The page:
|Christmas pudding can be made up to a year in advance and improves with age|
Figgy Pudding, Plum Pudding, Christmas Pudding or simply, “The Pud,” has been an essential part of the British Christmas tradition since medieval times. It’s made up of dried fruits bound with eggs and bits of bread, often moistened with treacle (molasses), enriched with suet (soo-et) which is the white fat surrounding the kidneys of sheep or cows, and seasoned with cinnamon, nutmeg, cloves, ginger and other spices. It’s made up to a year in advance (we make ours in September) by slowly steaming for more than six hours. Here are a few links to recipes:
Christmas pudding is traditionally served by placing the pudding in a saucepan of simmering water (about halfway up the side of the glass jar with top unsealed) for a few hours, then pouring heated brandy, rum or cognac over it, lighting it afire, waiting for the flames to subside whilst making sure not to burn the house down, pouring a lovely sauce on it and garnishing with a twig of holly. Alternatively, it can be microwaved (top unsealed) at 50% for 5 minutes, then left to stand for 5 minutes. Either way, the sauce is a must.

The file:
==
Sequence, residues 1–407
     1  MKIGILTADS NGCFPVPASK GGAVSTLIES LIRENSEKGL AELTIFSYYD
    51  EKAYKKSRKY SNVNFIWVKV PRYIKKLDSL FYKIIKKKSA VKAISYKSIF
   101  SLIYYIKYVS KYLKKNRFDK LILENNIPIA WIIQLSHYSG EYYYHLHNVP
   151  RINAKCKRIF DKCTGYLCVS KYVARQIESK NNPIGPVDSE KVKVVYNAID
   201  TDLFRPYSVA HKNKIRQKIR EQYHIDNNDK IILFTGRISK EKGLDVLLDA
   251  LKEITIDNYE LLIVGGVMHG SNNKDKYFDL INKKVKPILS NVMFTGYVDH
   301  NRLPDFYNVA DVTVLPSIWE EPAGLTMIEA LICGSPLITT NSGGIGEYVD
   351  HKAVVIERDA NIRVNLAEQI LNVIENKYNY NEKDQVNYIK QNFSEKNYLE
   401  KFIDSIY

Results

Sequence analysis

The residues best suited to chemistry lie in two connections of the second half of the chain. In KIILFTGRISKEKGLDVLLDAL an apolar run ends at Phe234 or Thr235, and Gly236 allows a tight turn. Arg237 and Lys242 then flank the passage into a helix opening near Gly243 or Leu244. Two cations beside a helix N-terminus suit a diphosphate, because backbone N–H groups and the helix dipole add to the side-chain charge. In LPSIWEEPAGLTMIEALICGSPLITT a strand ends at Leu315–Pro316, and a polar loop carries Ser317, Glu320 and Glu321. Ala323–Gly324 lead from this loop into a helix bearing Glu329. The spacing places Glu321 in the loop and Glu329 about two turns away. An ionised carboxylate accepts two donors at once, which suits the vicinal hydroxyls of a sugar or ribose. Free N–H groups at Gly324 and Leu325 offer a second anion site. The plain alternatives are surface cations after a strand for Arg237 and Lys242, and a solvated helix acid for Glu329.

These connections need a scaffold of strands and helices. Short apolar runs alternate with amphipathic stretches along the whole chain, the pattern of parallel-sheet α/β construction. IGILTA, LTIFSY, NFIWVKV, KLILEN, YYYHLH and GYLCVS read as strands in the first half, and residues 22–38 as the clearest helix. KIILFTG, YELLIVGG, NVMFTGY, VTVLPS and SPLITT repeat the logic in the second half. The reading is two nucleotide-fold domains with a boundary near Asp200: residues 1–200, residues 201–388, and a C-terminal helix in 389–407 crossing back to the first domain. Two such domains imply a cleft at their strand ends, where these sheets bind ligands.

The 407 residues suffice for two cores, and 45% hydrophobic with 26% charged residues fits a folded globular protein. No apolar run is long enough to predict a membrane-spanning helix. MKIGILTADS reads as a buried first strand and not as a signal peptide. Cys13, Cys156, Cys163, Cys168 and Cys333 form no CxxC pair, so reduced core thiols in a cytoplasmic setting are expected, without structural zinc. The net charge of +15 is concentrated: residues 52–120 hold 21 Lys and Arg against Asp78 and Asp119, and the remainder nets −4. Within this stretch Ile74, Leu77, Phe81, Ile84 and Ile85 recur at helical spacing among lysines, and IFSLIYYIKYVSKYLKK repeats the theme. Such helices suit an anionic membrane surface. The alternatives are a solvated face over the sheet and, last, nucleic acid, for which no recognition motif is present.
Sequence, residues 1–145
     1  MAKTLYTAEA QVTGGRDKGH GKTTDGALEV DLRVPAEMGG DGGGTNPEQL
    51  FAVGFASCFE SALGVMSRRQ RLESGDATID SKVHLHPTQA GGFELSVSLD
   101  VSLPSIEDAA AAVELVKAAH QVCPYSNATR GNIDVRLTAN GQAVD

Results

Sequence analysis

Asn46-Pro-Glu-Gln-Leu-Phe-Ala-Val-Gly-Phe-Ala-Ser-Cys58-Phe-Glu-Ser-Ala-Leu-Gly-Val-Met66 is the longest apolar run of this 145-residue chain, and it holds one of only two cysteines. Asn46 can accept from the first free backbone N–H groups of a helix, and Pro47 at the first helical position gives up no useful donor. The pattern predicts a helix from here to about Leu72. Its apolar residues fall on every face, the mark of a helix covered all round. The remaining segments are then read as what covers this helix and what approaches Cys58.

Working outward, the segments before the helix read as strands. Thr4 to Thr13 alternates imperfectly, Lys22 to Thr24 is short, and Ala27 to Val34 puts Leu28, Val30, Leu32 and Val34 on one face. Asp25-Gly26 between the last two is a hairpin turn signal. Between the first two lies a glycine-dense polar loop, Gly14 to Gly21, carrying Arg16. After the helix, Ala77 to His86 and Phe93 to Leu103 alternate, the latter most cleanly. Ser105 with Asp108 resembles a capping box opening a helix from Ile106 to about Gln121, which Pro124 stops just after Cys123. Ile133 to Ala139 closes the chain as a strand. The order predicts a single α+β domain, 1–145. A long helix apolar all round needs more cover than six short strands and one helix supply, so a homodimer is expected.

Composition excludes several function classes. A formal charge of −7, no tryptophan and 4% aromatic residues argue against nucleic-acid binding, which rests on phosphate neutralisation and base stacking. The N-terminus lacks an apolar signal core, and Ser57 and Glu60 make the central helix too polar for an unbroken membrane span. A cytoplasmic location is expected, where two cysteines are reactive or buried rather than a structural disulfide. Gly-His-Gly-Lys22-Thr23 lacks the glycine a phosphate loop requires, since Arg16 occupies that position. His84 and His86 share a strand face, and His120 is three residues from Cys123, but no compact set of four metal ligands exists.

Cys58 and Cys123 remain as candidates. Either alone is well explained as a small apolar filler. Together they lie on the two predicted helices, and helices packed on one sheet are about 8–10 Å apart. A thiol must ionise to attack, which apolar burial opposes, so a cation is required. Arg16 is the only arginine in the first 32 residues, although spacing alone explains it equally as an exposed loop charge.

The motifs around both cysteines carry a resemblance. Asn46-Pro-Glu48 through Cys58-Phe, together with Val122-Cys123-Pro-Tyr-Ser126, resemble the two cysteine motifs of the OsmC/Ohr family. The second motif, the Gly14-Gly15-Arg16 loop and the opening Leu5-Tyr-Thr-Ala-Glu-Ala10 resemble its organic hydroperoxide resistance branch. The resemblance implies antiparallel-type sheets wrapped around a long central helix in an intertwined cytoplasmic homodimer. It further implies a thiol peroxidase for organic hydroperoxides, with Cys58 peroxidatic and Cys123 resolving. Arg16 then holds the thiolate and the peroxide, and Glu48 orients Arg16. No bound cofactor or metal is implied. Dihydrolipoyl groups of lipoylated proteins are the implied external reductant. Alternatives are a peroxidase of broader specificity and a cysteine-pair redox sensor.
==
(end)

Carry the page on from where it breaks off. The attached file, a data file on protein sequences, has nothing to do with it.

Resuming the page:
Here’s a recipe for custard sauce:
1 cup whipping cream
1/2 vanilla bean or 1 teaspoon vanilla extract
3 medium egg yolks
1/4 cup sugar
Place cream in a heavy saucepan. Scrape seeds from the vanilla bean and add the pod. Bring the mixture to a simmer. Whisk the egg yolks and sugar in a separate bowl until blended. Gradually whisk in the hot cream mixture. Return to the saucepan and cook over a medium heat, stirring constantly, until the sauce thickens so that it thinly coats the back of a wooden spoon (170°F - about 4 minutes). Strain, cover and refrigerate until cold. For those so inclined, 2 tablespoons of brandy or cognac can be added just prior to refrigeration. Serve chilled on the hot pudding.